OK, maybe not the final frontier, but a final frontier.  When animal “shelters” started over a hundred years ago they were pounds in the truest sense.  A place where animals were rounded up to be killed as nuisances.  Transition to more modern adoption shelters and behavior was hardly relevant.  With overflowing numbers, bad behavior was not something to be addressed, it was a solid excuse for making space.

Even today, when the number of animals entering shelters nationwide is continuing to plummet and adoptions increase, physical issues are often the first to be addressed. In shelters with veterinary support or staff, which nearly all have these days, a broken leg or simple illness can be repaired and an otherwise happy animal can be rendered healthy.  Viola, adoptable.

It is the nebulous “behavioral problem” which now nags at shelters. Overpopulation is no longer the driver of dogs entering animal shelters throughout most of America.  REPEAT:  There is not an overpopulation problem for dogs any longer and I will call you grossly misinformed if you claim otherwise.  How do we know?  There are virtually no puppies in shelters most shelters any longer.  There are ten homes- twenty- for every puppy.

The dogs in shelters are not there because there aren’t enough homes. They are there because there is something “wrong” with them.  Put away the pitchforks and let me clarify.  Sometimes that something wrong is nothing more than being an adult rather than a puppy, or being the wrong breed.  People love what they love and what people love the most is puppies.  But virtually any dog or any age or breed that is healthy, happy and well behaved gets adopted now.

Note my emphasis on well-behaved. Most of the dogs that get waves of sympathetic apologists beating drums, such as Big, Black Dogs and pitbulls, aren’t languishing in shelters because of their size, color or breed.  The ones who have trouble being adopted are idiots.  I mean that in the gentlest but most honest sense of the word.

The reality in modern shelters is that we get young adult to middle age dogs who never received the kind of basic obedience training (along with basic veterinary supports) that makes a good dog a great dog. A poorly behaved dog isn’t a bad dog, but it can often be an unadoptable dog.  Especially when it’s big, or a breed that has some baggage.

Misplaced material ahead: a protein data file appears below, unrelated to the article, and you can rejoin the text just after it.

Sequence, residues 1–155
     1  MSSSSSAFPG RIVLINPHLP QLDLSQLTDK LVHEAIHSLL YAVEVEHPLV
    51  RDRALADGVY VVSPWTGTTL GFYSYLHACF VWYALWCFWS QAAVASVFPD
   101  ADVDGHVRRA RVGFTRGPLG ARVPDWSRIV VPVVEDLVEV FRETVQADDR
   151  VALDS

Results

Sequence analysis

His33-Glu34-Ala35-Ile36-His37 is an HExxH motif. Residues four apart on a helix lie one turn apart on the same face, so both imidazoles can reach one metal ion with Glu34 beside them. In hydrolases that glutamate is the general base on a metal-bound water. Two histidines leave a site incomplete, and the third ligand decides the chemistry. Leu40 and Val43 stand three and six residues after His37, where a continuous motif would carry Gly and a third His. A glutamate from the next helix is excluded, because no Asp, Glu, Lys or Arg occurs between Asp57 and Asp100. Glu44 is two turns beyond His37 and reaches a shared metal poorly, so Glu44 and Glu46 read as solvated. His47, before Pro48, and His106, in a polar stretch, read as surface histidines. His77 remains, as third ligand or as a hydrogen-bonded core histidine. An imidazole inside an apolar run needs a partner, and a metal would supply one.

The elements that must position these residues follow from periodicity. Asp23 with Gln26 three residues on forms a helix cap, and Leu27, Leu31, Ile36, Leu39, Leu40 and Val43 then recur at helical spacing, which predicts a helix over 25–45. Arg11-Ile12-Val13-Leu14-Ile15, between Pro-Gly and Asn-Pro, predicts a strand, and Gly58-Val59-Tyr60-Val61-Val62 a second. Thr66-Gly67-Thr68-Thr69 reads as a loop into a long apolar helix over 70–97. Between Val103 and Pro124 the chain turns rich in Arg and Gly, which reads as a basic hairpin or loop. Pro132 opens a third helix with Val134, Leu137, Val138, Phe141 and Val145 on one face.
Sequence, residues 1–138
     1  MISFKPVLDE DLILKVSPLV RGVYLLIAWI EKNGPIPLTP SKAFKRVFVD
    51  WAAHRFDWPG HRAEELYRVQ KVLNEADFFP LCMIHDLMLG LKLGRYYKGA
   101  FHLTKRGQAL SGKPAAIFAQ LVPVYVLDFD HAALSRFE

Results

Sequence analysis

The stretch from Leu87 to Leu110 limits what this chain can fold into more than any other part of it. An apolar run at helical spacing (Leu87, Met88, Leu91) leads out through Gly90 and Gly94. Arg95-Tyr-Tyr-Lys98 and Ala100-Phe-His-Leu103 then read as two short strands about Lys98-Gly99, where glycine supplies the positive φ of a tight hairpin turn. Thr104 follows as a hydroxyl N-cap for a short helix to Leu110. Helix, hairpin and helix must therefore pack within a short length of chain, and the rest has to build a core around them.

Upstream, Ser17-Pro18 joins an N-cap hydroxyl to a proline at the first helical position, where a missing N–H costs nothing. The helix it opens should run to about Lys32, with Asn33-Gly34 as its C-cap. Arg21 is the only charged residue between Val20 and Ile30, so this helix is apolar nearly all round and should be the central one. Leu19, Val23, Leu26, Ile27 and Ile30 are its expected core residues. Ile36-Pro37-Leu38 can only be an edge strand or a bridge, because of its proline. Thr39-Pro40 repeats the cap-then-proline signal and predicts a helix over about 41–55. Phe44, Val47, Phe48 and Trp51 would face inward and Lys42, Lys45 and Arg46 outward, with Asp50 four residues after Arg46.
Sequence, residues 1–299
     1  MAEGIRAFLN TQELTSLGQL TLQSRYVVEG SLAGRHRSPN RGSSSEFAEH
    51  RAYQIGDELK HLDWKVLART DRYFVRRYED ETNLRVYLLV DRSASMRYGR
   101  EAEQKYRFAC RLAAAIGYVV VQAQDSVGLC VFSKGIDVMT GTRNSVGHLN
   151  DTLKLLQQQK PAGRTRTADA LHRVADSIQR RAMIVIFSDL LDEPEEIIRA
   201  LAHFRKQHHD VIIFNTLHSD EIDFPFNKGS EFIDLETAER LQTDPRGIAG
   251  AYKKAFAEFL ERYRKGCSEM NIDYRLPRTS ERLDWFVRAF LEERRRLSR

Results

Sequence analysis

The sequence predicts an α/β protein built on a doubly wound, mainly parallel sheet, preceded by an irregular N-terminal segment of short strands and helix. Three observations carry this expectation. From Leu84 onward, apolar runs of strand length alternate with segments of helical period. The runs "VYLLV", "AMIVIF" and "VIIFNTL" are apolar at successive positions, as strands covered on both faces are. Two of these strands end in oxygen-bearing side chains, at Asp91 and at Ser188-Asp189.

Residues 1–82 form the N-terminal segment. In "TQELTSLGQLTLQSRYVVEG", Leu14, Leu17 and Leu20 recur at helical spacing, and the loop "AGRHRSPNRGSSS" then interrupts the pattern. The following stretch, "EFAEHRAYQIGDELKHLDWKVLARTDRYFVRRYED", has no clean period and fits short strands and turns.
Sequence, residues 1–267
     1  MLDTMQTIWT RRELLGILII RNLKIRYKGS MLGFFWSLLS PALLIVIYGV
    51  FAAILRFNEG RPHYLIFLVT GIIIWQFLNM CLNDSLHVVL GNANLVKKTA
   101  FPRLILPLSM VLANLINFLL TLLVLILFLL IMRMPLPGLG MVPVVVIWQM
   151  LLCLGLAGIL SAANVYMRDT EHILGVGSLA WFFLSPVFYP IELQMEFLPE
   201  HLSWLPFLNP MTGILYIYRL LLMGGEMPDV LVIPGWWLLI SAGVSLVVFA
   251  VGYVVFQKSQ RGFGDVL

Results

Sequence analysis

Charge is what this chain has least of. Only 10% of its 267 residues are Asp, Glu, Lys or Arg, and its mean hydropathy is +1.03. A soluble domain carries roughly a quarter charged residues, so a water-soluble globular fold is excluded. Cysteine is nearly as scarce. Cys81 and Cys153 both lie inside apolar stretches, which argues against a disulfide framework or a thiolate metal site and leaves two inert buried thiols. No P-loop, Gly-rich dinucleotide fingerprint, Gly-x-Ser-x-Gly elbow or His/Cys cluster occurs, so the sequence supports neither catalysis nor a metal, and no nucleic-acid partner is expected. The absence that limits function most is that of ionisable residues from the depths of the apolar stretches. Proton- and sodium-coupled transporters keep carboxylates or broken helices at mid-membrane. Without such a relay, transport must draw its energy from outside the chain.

Well trained, perfectly behaved dogs get adopted. A dog that sits, stays, waits to eat until you say he can, doesn’t get on the couch without permission, doesn’t pull on a leash, jump on guests, or bark incessantly- the hallmarks of well trained dogs- get adopted.  It’s that simple.  Making a dog without those attributes into one with them takes time, effort, people power, and space.  Until recently, we could give the effort and we could find the people, but the overcrowded shelters of the past didn’t allow for the time.

To quote Harry Bemis, we now have time enough at last. What we need it the space.  Space to turn obnoxious dogs into great dogs.  Dogs who listen and wow potential adopters.  Our Lancaster campus has always been blessed with excess space, but Reading was been a landlocked postage stamp until we acquired our new hospital and corporate office facility across the street from the shelter.  It has space which is about to be put to good use.

On May 24, at 10:00 AM, we will be dedicating Humane Pennsylvania’s new Spike’s Woods Canine Enrichment Center (1729 N. 11th St., Reading, PA 19604).  The new space will have three individual fenced training and socialization yards, with covered seating areas for staff and volunteers for snowy and rainy training days.  It will be beautiful, with 18 big flowering and shade trees recently planted, and shady seating for staff and adopters.  It’ll have flowers, it’ll have a gazebo, it’ll have super keen shade sails, and it will be boffo.  It’ll also be adjacent to a brand spanking newly paved parking lot and entry skirts, which doesn’t matter to the dogs but if you’ve ever dragged the bottom of your car coming into our lot, it will be pretty awesome, too.